Can airborne pollen help spread SARS-CoV-2?


THERE appears to be a correlation between high concentrations of airborne pollen and high rates of infection with SARS-CoV-2, which is the virus that causes Covid-19.

A new computer model suggests that tree pollen could facilitate the transmission of the virus in a crowd of people gathered outdoors.

The model assumes that the virus can hitch a ride on pollen grains, though there is currently no direct evidence that this can happen.

An alternative explanation for the correlation between pollen levels and Covid-19 is that immune reactions to pollen can make individuals more susceptible to infection.

Two physicists have claimed that physical distancing rules designed to curb the spread of Covid-19 may be inadequate for people standing outdoors near major pollen sources such as trees and grass.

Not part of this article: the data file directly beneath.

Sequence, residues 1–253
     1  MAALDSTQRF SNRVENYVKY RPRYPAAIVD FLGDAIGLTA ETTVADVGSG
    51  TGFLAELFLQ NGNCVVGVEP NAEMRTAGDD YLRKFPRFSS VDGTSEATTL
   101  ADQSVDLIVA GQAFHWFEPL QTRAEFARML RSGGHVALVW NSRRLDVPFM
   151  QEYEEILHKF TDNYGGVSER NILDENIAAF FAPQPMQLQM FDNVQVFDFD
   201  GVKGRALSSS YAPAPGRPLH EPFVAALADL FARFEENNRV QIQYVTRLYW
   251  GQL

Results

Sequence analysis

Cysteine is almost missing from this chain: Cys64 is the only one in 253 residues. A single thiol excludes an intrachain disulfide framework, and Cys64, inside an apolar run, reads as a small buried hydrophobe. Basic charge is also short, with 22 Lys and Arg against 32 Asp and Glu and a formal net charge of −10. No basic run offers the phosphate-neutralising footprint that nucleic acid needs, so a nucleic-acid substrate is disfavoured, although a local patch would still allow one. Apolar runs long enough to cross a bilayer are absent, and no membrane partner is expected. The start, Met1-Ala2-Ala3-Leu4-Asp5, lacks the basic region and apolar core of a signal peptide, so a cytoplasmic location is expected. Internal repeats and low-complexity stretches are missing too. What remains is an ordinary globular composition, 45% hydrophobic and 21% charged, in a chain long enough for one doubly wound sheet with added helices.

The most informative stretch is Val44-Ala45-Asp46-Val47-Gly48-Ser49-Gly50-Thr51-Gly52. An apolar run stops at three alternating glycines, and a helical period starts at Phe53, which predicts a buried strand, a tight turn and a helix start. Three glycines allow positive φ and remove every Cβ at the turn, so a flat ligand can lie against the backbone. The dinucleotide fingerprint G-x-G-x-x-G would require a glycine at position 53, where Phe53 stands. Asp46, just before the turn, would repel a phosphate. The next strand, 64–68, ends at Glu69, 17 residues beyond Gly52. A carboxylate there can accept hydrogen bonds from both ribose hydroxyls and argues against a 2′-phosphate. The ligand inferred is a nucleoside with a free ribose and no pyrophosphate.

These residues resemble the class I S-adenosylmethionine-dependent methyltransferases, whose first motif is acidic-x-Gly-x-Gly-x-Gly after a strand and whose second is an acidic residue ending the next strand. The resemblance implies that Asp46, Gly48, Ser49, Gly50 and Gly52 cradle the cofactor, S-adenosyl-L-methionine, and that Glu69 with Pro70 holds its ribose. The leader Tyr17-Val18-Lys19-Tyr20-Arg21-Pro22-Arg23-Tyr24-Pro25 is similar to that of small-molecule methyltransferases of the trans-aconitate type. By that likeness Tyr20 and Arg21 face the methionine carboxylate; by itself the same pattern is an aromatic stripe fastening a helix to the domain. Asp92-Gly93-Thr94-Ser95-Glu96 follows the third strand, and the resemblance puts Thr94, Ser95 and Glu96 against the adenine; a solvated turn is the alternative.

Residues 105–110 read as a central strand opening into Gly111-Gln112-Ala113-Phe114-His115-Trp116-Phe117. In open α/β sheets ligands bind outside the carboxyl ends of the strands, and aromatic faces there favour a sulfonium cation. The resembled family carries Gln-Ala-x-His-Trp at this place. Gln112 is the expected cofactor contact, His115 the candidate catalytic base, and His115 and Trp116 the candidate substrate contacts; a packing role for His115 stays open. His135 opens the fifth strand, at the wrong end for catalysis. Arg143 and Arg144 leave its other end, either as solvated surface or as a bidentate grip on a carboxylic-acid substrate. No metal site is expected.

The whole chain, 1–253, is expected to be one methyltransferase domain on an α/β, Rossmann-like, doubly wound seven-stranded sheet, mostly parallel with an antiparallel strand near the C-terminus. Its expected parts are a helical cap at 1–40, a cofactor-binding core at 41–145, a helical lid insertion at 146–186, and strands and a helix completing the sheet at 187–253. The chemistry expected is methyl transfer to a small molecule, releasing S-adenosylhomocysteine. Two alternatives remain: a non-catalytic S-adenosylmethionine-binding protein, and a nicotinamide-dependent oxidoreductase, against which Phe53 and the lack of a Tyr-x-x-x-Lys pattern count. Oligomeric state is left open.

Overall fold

The researchers at the University of Nicosia in Cyprus modeled the spread of pollen from a willow tree through a nearby crowd of people, each standing at least 2 meters apart, at a wind speed of 4 kilometers per hour.

The model simulated the movement of 10,000 individual grains of pollen through groups of either 11 or 97 people around 20 meters from the tree.

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The scientists found that the larger crowd of people temporarily trapped the airflow and the pollen it carried.

This would have the effect of increasing potential contacts between pollen grains and the tiny droplets of saliva generated when people talk, cough, and so on.

Assuming that the virus can hitch a ride on pollen grains, the results suggest that the pollen could carry the virus from one person to others in the crowd.

Talib Dbouk, Ph.D., and Dimitris Drikakis, Ph.D., from the university’s Defence and Security Research Institute conducted the study, which has been published in the journal Physics of Fluids.

The researchers point out that droplets of saliva are relatively heavy and evaporate rapidly, whereas pollen grains contain little water, are lighter, and can travel tens of kilometers.

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